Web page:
Industrial Policy in Developing Countries
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Industrial Policy in Developing Countries

Failing Markets, Weak States

Tilman Altenburg and Wilfried Lütkenhorst

Against the backdrop of persistently high levels of poverty and inequality, critical environmental boundaries and increasing global economic interdependence, this book addresses the role and impact of industrial policies in developing countries. Accepting the reality of both market failure and policy failure, it identifies the conditions under which industrial policy can deliver socially desirable results. General conclusions on the political economy of development are complemented by country case studies covering Ethiopia, Mozambique, Namibia, Tunisia and Vietnam.
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Chapter 3: Industrial policy for social inclusion

Tilman Altenburg and Wilfried Lütkenhorst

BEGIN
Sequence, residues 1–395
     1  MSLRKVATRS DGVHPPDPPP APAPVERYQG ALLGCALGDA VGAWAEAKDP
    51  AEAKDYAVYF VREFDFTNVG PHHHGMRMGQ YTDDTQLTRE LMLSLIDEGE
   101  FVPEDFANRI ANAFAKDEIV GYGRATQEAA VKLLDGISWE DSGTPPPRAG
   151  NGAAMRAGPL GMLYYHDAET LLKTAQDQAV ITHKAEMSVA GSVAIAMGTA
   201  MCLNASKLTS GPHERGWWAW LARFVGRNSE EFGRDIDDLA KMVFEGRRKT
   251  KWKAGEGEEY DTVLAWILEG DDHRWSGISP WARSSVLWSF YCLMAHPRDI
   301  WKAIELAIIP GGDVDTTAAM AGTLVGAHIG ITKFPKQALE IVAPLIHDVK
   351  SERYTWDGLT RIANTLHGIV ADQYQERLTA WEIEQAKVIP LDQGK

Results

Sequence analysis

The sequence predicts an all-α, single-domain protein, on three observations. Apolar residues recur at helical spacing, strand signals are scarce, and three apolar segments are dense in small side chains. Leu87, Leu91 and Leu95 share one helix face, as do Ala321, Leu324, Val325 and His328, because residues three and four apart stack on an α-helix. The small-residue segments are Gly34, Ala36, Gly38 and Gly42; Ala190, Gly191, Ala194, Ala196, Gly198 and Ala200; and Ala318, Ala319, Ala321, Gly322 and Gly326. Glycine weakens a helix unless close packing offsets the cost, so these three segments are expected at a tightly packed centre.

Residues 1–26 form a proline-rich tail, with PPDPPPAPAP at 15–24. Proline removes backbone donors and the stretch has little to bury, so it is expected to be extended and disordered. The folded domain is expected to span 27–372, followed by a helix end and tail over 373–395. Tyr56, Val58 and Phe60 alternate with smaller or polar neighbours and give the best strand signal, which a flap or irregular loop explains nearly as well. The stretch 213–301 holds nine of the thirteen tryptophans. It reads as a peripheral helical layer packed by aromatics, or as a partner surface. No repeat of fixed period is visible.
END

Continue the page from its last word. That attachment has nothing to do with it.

Achieving inclusive growth is a goal with various manifestations. On the one hand, there is the aspect of fostering a production system that is inclusive in the sense of being integrated and closely interlinked – as opposed to a dualistic (or otherwise fragmented) system with only very weak economic relations between large formal enterprises and small, often informal enterprises. On the other hand, inclusiveness refers to different dimensions in the distribution of economic gains, ranging from functional income distribution (between labour and capital) to distribution among different population groups (e.g. gender-related or based on ethnicity) and the extent of regional disparities. Following a brief introduction on the current global concern about rising inequality levels (Section 3.1), we will explore two approaches that have been applied to achieve greater inclusiveness of economic development. Section 3.2 focuses on small and medium enterprises and labour-intensive production while Section 3.3 deals with spatial redistribution. Empirical evidence shows that in recent years levels of income inequality have been rising in the majority of countries worldwide. Between 1990 and 2008 (based on a sample of 141 countries), this is true for 90 per cent of high-income countries, 90 per cent of countries in Eastern Europe and Central Asia and two thirds of South and Southeast Asian countries (Ortiz and Cummins 2011). While sub-Saharan African countries have mostly seen decreasing inequality, most OECD countries exhibit rising Gini coefficients, including in traditionally low-inequality countries like Germany and the Nordic states (OECD 2011).

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